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Tax Shake-Up to Rock Property Market

Replacing stamp duty with a broad-based land tax is at the top of the New South Wales government’s list of recommendations for a new tax mix for Australians.

Changing taxes could encourage people to sell their homes, developers to build houses and make the state budget more manageable, according to the draft report on the NSW government’s review of federal financial relations.

The review lists 15 suggestions for the country’s taxes including the land tax switch, abolition of stamp duties and GST reform.

In 2018-19 the NSW government raised around $7 billion, or 24 per cent, of annual tax revenue from transfer duty, making it the state’s second-largest source of tax revenue.

According to the review, this was a very volatile source of income and it made it hard for the state government to manage its budget, forcing dependency on the federal government.

“At the height of the property market boom in 2017-18, New South Wales raised almost 28 per cent of taxation revenue from transfer duty (one third greater than a decade prior) before revenue dropped by 14 per cent the following year,” the review said.

New stamp duty and land tax options

Options Description

Differential rates by property category.- Replace both transfer duty and existing land tax with a new land tax that has lower tax rates for owner- occupied and higher rates for rental and commercial property (reflecting higher turnover frequency and previous land tax obligations).

Unimproved land base with a flat rate.- Replace transfer duty and perhaps insurance duty and ESL with a new flat rate land tax. Retain existing narrow and progressive land tax paid by rental and commercial properties.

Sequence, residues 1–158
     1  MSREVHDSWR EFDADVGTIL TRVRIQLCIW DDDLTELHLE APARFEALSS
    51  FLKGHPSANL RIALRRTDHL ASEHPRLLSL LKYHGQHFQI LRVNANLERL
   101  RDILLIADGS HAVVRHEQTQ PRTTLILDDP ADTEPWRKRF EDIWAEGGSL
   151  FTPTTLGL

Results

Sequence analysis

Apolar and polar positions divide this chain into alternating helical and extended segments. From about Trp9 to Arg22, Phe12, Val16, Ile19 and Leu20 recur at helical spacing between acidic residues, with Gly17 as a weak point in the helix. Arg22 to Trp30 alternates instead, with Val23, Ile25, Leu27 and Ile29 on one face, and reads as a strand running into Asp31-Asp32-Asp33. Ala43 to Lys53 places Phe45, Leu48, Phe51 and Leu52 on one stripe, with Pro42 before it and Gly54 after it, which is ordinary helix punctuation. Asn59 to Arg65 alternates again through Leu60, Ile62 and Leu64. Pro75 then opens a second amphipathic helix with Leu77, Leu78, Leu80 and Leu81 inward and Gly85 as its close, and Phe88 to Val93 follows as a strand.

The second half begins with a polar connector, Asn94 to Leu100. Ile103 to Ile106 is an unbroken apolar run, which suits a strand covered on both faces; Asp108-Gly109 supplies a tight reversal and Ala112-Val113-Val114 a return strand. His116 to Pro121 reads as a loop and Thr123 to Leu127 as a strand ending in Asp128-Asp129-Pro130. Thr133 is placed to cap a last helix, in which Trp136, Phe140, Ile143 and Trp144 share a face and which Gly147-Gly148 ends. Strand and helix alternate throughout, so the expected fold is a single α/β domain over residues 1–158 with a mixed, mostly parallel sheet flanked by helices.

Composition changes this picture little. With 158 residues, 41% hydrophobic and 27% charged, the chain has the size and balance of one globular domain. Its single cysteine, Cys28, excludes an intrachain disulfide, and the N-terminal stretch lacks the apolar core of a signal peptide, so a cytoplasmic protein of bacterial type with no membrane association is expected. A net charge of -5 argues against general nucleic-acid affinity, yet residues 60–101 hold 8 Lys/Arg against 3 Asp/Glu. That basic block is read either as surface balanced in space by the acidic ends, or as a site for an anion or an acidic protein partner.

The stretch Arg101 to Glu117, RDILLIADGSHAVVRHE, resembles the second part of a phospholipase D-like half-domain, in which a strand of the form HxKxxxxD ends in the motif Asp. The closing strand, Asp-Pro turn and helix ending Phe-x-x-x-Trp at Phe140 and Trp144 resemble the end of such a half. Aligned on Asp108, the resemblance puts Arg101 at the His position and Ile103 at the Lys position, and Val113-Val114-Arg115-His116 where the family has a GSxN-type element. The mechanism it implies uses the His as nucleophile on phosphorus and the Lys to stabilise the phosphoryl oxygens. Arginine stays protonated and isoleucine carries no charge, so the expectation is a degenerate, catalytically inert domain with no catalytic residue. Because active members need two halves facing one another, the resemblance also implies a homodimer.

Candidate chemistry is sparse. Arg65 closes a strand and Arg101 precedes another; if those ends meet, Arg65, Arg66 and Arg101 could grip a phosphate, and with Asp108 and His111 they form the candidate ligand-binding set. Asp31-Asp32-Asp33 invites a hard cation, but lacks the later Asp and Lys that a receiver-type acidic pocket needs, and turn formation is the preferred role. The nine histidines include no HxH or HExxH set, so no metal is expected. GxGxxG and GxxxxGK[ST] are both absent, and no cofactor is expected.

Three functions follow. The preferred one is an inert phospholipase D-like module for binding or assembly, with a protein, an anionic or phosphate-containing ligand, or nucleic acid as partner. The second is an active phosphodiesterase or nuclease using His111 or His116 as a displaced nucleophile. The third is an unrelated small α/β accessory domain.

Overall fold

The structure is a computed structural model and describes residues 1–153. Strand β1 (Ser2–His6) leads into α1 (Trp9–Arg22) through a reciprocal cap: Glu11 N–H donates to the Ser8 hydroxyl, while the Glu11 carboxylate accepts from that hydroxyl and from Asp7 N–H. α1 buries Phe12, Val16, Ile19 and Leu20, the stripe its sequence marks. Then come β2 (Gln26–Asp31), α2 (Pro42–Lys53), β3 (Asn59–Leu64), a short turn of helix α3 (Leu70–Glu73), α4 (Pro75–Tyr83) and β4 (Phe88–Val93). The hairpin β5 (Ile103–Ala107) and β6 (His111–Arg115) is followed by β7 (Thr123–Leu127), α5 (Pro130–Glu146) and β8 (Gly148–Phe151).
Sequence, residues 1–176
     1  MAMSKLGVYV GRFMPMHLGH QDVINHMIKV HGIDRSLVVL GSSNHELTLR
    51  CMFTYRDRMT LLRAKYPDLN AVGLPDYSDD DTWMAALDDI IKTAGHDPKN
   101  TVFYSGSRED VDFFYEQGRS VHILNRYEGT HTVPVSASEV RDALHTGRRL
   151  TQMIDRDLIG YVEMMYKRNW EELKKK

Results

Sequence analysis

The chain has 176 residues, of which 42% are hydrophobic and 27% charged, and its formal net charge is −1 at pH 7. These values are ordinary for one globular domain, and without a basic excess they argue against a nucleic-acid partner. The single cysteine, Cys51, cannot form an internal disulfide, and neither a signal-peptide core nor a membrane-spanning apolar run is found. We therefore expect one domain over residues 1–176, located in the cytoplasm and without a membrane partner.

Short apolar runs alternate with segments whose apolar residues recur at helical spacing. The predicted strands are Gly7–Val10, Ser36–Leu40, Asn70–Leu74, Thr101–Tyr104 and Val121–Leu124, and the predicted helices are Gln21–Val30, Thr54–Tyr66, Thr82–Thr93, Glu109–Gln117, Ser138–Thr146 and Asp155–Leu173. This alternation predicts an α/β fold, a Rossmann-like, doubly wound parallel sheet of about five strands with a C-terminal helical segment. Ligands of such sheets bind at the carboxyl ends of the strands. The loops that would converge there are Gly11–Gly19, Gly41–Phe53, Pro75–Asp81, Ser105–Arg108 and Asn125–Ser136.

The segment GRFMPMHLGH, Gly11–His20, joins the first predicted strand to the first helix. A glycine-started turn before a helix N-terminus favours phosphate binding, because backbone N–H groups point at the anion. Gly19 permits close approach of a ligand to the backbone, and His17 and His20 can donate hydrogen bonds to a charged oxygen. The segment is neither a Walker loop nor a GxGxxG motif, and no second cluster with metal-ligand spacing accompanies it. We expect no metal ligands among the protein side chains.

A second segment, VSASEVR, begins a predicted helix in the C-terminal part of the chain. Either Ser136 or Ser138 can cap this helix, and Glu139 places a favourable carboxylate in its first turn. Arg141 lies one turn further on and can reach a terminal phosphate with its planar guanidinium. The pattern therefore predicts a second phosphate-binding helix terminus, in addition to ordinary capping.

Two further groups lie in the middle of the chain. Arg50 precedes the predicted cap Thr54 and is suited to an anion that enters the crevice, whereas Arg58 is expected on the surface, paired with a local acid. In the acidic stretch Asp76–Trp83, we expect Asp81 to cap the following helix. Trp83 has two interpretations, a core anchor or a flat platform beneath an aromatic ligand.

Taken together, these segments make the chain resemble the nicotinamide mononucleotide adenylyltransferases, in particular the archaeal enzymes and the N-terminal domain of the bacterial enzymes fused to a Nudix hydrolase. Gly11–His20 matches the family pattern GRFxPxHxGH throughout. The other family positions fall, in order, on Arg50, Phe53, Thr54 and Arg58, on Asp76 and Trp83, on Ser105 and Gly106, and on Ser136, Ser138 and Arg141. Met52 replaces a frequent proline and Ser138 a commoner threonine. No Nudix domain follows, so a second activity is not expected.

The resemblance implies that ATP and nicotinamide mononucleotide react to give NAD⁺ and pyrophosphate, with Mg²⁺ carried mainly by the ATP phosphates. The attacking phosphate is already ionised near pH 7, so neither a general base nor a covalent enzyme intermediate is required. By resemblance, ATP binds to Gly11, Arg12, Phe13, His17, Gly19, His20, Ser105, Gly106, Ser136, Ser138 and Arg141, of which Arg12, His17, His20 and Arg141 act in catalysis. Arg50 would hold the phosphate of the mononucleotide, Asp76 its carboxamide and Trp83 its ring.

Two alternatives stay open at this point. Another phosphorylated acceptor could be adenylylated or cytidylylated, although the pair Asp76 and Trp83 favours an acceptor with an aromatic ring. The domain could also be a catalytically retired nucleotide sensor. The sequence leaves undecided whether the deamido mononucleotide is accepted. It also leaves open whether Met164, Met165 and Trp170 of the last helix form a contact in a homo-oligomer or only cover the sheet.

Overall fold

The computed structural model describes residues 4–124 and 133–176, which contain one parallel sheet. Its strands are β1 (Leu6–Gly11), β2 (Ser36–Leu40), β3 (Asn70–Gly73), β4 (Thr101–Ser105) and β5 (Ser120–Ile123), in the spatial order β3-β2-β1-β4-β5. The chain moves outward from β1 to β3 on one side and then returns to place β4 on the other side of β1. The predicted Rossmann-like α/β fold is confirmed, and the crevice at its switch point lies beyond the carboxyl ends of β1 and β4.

Unimproved land base but progressive rate scale.-Replace transfer duty and existing land tax with a new land tax but a progressive rate scale.

Improved property base.- Replace transfer duty and land tax with a new land tax on capital-improved land values.

^ Source: Draft NSW Review of Federal Financial Relations

The current tax system also puts the burden of paying for essential services and infrastructure onto people who buy and sell properties more often.

“There were 2.8 million properties in New South Wales in 2018-19, but less than 200,000 of their owners contributed to the funding of essential services via transfer duty,” the review said.

The review showed most people stayed in their homes for decades, and changing the taxes could encourage people to move more often while improving housing affordability.

“In contrast to transfer duty, a new land tax would not penalise transfers or capital investment, and by prompting faster redevelopment of land, may also boost investment and housing supply,” the review said.

How to implement new tax options

Option Description

Switch on next sale.- Transfer duty is abolished, and all properties become liable for the new land tax at their next sale. Existing properties remain exempt from new tax until sale.

Voluntary opt-in.- At the time of property purchase, buyer has the option of paying transfer duty or the annual land tax. Property owners can also choose to opt-in to land tax.

Credit for paid transfer duty.- Transfer duty is abolished, and all properties become liable for new property tax, but some or all current property owners are granted a credit to be used towards the new land tax liability.

Gradual phase in/out.- Transfer duty rates are gradually lowered while new land tax rates are increased over a period of years.

^ Source: Draft NSW Review of Federal Financial Relations

Review panel chair David Thodey said the current tax system had led to learned financial dependency on the federal government and that was unhealthy and unsustainable.

“Without reform the states are going to find it very difficult to face an increasing funding for the essential services they provide, namely health, education and infrastructure,” Thodey said during a National Press Conference address.

“While the federation is definitely not broken, both the federation and tax system can be made to function more efficiently and, we think, more aligned.”

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